Why did so many people believe that the broadcast was real?  One of the reasons was the artistry of the broadcast itself.  Orson cleverly planned every detail. He used real names of actual places and simulated both the “live” band music and the “broadcasters” with perfect skill. He knew what competing radio shows were on that night and when people would be likely to switch over to CBS.  The actors did a superb job, including imitating the voice of President Roosevelt.  Orson also knew how to build the intensity of the story for maximum dramatic effect.  Another reason that the broadcast was so believable was that many listeners came in part way during the story and did not hear any of the four announcements reminding people that it was just a radio-play.  Even more people heard about the alien invasion second-hand.  Rumors spread like wild fire.  Rumors and wild imaginations led to many false, eyewitness reports.  Panic caused people to see and hear things that were not actually occurring, which only increased the panic in a vicious cycle.  For example, one man in Grover’s Mill shot up a deathly, alien war machine with his shot gun, only to discover later that is was just his neighbor’s rather humdrum water tower.  Some New Yorkers believed they heard Martian flying machines, or weapons firing, or saw the city on fire.  Another man flipped his car over twice as he drove 80 miles an hour trying to escape Martian death rays. (Oxford, 184, 185)  False eyewitness reports were widespread and fed the story even more convincingly than the broadcast itself.  Another contributing factor was the newness of radio. In 1938, people were naïve about joke broadcasts.  These were days before, Saturday Night Live’s “Weekend Updates,” or Monty Python’s Flying Circus, or Steve Colbert. If the news (especially CBS) said something was true, people tended to believe it.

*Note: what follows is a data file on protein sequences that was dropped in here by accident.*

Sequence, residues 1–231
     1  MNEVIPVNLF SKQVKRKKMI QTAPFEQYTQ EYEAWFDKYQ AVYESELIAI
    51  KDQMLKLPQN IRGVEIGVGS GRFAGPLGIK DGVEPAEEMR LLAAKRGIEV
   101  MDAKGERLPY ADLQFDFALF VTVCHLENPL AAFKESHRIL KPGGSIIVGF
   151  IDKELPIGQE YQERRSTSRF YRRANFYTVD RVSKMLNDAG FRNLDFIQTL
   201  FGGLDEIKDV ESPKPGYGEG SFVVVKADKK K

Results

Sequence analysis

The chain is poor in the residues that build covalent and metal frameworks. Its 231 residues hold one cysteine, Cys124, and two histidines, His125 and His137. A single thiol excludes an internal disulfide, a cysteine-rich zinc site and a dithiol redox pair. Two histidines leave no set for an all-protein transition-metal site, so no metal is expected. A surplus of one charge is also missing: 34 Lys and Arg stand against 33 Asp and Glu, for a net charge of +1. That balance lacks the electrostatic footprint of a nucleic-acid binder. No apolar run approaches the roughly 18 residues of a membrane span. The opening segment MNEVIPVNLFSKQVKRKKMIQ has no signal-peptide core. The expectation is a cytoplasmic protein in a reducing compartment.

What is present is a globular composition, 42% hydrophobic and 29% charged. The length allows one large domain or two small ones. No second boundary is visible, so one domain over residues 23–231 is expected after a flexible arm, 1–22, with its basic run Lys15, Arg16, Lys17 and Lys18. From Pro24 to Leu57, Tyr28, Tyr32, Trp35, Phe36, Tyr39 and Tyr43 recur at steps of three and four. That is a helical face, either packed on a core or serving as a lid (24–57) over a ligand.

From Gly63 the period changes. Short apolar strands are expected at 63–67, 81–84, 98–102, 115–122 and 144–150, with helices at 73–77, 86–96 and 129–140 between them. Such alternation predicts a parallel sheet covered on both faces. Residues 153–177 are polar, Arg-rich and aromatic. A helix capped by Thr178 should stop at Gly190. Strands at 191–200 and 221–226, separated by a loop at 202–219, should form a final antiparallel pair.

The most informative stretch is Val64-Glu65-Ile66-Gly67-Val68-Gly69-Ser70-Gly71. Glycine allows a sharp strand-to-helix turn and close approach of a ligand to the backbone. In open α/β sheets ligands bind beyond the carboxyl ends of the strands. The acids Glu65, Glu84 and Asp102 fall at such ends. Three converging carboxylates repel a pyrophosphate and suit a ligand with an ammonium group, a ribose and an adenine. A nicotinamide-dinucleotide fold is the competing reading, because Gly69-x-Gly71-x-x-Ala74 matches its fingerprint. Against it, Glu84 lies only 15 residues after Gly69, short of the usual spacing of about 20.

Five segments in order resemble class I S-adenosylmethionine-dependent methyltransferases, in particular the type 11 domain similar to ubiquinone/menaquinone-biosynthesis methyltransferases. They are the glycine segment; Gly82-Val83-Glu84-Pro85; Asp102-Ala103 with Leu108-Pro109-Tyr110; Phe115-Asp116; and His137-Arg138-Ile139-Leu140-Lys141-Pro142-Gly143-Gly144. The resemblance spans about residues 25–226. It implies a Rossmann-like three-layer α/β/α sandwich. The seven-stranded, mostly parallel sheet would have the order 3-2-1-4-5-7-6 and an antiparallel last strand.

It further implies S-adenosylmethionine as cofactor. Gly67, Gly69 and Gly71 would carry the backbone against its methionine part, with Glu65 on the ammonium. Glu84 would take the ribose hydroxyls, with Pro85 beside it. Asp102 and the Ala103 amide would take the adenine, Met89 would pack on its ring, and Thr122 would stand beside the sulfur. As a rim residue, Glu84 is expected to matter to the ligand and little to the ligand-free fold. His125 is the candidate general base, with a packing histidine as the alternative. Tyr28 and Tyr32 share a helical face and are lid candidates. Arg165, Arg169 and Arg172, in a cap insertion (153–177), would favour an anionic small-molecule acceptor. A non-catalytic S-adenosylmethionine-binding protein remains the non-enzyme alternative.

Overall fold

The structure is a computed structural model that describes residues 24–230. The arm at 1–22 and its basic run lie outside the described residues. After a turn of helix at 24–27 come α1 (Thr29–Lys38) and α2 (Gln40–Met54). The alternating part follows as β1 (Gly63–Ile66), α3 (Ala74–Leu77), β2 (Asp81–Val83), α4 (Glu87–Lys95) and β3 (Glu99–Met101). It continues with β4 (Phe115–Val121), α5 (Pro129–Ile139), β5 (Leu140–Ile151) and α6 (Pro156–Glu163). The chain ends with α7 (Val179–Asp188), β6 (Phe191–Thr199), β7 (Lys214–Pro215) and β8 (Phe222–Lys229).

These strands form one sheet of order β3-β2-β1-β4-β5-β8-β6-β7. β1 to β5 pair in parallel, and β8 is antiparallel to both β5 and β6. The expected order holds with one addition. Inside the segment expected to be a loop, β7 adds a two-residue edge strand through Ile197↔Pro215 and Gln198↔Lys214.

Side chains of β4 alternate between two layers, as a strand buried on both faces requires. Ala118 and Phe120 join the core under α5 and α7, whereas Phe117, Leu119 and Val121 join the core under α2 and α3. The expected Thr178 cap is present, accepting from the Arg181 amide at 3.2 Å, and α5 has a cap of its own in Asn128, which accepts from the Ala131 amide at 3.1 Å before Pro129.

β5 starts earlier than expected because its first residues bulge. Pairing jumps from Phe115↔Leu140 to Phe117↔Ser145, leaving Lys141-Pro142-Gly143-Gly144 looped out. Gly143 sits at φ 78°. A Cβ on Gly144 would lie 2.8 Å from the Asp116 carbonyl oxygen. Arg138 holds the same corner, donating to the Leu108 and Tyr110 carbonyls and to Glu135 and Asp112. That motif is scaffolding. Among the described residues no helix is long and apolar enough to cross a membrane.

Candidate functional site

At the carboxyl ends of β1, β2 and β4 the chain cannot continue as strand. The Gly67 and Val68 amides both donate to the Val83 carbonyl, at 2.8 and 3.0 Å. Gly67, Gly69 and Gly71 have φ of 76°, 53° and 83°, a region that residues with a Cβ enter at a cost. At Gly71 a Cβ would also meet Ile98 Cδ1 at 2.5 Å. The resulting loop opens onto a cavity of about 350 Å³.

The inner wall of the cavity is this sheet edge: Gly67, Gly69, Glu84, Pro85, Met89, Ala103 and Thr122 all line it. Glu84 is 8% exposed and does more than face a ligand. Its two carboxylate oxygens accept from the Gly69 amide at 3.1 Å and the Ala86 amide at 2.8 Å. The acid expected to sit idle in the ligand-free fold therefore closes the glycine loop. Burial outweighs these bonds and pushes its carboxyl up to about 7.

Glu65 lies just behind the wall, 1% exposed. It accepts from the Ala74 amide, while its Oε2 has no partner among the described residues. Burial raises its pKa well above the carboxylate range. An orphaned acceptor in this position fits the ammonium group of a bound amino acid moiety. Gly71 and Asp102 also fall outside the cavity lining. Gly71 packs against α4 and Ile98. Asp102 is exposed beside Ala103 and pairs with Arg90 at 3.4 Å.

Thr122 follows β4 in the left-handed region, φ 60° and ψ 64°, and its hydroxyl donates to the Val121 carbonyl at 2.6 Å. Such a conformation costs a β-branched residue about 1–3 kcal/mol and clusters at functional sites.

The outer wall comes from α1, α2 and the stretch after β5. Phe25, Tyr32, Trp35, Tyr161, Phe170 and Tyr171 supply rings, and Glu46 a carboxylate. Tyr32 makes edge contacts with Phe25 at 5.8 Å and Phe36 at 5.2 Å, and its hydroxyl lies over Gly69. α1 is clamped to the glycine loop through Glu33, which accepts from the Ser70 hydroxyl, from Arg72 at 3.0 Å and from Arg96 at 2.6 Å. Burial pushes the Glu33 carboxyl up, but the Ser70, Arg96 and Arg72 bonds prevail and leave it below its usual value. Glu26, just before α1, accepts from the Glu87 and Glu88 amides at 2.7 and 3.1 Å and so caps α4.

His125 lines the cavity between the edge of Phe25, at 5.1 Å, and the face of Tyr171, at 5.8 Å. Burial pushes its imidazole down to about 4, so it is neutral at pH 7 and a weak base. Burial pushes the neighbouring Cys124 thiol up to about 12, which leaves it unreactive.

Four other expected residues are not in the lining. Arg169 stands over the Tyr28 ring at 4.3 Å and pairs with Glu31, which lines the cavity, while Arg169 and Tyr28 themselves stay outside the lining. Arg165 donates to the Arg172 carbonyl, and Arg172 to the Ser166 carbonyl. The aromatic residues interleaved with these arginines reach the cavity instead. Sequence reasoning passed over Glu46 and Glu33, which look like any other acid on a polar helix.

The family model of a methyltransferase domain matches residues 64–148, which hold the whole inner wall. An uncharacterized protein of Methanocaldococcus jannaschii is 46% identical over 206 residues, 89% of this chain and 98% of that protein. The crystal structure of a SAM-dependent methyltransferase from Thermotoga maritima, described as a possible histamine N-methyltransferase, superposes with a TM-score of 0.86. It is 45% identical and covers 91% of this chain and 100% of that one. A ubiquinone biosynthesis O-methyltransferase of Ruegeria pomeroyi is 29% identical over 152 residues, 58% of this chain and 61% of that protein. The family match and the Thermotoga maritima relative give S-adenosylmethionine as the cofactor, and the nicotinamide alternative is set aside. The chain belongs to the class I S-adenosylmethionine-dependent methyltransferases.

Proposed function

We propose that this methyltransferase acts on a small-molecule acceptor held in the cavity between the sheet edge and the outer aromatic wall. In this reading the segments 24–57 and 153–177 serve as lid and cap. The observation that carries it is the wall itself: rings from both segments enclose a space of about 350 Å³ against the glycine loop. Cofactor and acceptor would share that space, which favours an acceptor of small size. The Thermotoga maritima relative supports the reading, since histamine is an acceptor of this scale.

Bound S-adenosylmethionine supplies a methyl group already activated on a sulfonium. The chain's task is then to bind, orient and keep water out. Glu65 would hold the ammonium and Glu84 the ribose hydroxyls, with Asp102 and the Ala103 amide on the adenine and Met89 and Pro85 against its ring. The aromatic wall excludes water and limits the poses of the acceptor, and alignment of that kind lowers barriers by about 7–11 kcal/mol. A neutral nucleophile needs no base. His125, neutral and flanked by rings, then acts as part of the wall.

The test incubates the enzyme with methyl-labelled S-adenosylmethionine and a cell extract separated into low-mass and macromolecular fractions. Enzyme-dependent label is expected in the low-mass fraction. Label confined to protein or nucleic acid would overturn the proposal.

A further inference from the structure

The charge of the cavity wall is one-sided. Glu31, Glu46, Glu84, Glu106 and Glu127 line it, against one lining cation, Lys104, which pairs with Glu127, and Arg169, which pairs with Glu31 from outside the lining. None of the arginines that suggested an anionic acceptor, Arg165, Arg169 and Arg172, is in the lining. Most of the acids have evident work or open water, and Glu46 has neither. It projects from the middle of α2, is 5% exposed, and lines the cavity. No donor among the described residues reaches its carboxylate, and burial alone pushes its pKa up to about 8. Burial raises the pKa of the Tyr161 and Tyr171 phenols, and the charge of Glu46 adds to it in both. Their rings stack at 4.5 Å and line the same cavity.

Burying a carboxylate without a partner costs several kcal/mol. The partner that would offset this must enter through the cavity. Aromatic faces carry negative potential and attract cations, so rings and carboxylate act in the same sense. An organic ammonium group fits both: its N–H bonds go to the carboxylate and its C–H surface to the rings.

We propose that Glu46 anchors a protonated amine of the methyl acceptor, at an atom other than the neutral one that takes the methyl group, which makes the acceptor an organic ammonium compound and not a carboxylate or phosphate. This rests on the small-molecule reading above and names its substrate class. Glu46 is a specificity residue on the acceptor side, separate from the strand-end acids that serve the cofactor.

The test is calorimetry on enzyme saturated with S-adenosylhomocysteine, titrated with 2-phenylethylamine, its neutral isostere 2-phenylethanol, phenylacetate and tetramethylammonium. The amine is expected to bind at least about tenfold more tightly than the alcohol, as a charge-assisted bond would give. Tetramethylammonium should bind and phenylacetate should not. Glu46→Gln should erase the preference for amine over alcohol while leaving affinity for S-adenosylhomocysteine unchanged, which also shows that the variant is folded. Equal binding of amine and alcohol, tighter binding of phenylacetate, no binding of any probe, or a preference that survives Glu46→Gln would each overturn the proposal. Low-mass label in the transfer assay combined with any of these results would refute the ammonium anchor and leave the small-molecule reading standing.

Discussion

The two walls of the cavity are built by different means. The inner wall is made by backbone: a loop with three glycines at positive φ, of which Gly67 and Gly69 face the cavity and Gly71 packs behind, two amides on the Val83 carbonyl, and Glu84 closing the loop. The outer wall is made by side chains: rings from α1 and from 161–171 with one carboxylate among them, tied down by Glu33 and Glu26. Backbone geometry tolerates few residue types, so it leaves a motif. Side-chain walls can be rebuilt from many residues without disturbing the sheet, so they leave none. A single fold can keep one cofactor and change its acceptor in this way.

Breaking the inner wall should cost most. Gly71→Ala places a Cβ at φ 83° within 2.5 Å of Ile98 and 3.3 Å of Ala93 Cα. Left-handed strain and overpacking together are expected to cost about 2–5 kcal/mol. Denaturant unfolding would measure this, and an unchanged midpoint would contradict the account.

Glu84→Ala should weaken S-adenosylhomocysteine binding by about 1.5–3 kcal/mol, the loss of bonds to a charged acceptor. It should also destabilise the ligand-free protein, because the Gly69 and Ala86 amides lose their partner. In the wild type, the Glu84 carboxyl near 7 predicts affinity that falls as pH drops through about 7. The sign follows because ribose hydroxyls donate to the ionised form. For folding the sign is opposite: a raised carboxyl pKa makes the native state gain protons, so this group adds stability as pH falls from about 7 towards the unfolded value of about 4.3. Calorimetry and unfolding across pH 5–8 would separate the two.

It’s one thing to try to understand why people believed it, but it’s another thing entirely to try to comprehend why people were so afraid.  To grasp this, it is necessary to look at the historical context of the event.  The stock market crash of 1929 and the Great Depression that followed it had a profound emotional and psychological effect on the American people. (Rosenburg, 1)  Their sense of security in their society had been badly shaken.  In 1938, most Americans were still struggling to get back on their feet.  Optimism for the future was at all time low.  Equally important were the events unfolding in Europe and Asia.  Spain was in the middle of a civil war between socialists, fascists, and royalists.  Japan began a series of invasions into China, killing thousands of innocent people. (Miller, 1and 2)  Hitler was on the rise, making inflammatory speeches and building up a massive military.  His attacks on Jews were escalating.  In 1938, he invaded and took over Austria, and began his invasion of Czechoslovakia. (World History, 1938-1939, 3)  Many Americans watched newsreels or listened to radio broadcast of Hitler’s speeches.  In response, America was building up its army and its navy.  Many Americans began to think that we would be drawn into another World War, so soon after the first one. This created an atmosphere of tension, and underlying fear. (Rosenburg, 1, 2)  In fact, when Orson’s broadcast reported that “shells were falling” towards Earth, many believed that it was the beginning of Hitler’s assault of America. (Lovgen, 1)  Houseman himself recognized later the importance of the historical context, when he said, “Only after the fact, did we perceive how ready and resonant the world was for the tale.” (Oxford 189)